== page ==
Lindsey Hunter introduced as Suns head coach, details emerge on reasons the team made a change

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PHOENIX — Lindsey Hunter met the media on the Suns practice court Sunday, just hours after formally being offered the position of interim head coach and running the team through practice.

Almost two full days after Suns president of basketball operations Lon Babby held a press conference but didn’t offer up a lot in terms of reasons why Alvin Gentry and the team parted ways, GM Lance Blanks hinted at some internal things that were going on behind the scenes that led management in that direction.

When asked how Hunter’s success would be measured the rest of the season, Blanks pointed to off-the-court ideals rather than wins and losses as things the team is looking to see improve under its interim head coach.

“Some of the success will be in ways that you may not be able to see with the naked eye,” Blanks said. “First off, we’ve got to look at the culture and the environment, which you may not be able to see when you’re watching the game. Because I think the team has played pretty hard for most of the season. but at the same time, in the back we’ve seen guys become more disappointed than we would like.

“We’ve seen a culture where the guys haven’t been as responsive as we would like, so we’ll be measuring that right out of the gate,” Blanks said. “We saw an uptick already in practice with the way that things were conducted [this morning].”

Hunter’s first practice was full of all the team’s players, but noticeably absent were two prominent assistant coaches under Gentry in Elston Turner and Dan Majerle. While Blanks said that all of Gentry’s assistants were offered the opportunity to stay through the end of the season, only Igor Kokoskov and Noel Gillespie, along with player development coach Ralph Sampson were seen in the gym putting players through workouts.

Turner was Gentry’s lead assistant, so it would be understandable if he was upset about being passed over for the interim spot in favor of someone with zero NBA coaching experience. And while Majerle may not have been the favorite to replace Gentry, if he does have future head coaching aspirations, it would be tough to see him being pleased with the decision to go with someone who he may not be able to learn as much from as as he would from a more tenured head coach.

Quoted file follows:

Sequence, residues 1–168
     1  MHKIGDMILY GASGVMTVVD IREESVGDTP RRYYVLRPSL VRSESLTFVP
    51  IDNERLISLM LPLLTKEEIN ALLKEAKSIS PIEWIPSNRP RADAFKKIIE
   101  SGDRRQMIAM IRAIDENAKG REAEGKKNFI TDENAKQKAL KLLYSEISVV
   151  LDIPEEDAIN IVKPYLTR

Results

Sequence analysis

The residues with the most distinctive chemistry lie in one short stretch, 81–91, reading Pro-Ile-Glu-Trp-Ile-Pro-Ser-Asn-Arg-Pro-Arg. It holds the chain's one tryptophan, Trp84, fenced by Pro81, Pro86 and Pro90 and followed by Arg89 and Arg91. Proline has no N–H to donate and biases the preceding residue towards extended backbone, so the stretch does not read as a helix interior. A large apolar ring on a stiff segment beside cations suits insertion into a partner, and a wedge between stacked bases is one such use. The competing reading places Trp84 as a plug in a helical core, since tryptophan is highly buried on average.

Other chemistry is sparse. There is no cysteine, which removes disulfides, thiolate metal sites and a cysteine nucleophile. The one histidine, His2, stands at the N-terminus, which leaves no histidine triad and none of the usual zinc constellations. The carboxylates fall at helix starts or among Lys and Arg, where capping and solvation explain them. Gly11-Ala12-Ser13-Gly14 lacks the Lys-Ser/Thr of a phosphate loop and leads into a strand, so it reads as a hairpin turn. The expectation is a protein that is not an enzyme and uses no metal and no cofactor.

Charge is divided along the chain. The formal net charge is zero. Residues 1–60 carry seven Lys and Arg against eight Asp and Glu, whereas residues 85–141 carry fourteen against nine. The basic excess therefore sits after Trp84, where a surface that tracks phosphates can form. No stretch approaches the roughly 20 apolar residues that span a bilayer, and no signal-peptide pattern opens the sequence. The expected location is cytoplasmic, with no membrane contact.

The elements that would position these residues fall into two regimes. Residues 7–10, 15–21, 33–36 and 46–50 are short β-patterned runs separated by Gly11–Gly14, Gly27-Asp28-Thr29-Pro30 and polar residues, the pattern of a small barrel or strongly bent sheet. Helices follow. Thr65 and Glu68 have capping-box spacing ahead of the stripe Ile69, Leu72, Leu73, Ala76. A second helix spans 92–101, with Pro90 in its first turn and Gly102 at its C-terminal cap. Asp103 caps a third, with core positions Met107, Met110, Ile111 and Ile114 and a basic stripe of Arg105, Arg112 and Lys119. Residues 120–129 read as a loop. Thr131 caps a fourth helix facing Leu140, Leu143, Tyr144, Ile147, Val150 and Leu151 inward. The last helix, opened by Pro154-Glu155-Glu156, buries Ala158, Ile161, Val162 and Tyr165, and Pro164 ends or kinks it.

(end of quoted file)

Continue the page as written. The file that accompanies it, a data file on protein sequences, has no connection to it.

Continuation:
As far as the reason given for the selection of Hunter, Blanks said they needed to go in a direction that would shake things up.

“The simple answer is that the organization needed a jolt,” Blanks said. “We needed something that would shock the systems of us, the players, and risk trumps safety in this business. And we felt this was the right person to take the risk on.”

There’s no question that Hunter will be learning on the job, and Blanks mentioned that the team will look to add a veteran coach either on or behind the bench to assist Hunter through the transition. But the Suns feel that his strong personality will hold players more accountable than they’ve been in the past, and that will lead to a positive culture the team can build around.

When asked what qualities he possesses that make him a good coach, Hunter was honest and humble in his response.

“We don’t know if I’m a good coach yet, right,” he said. “It remains to be seen. But I just think playing as long as I did and growing up around the game, I think that in itself has prepared me. Being a basketball junkie my entire life has prepared me. When I got here Lon and Lance were like, you have a Ph.D. in basketball. And that’s kind of how I look at it. My entire life has been surrounded by this game.”

Hawks sign two-way Tyler Cavanaugh to standard contract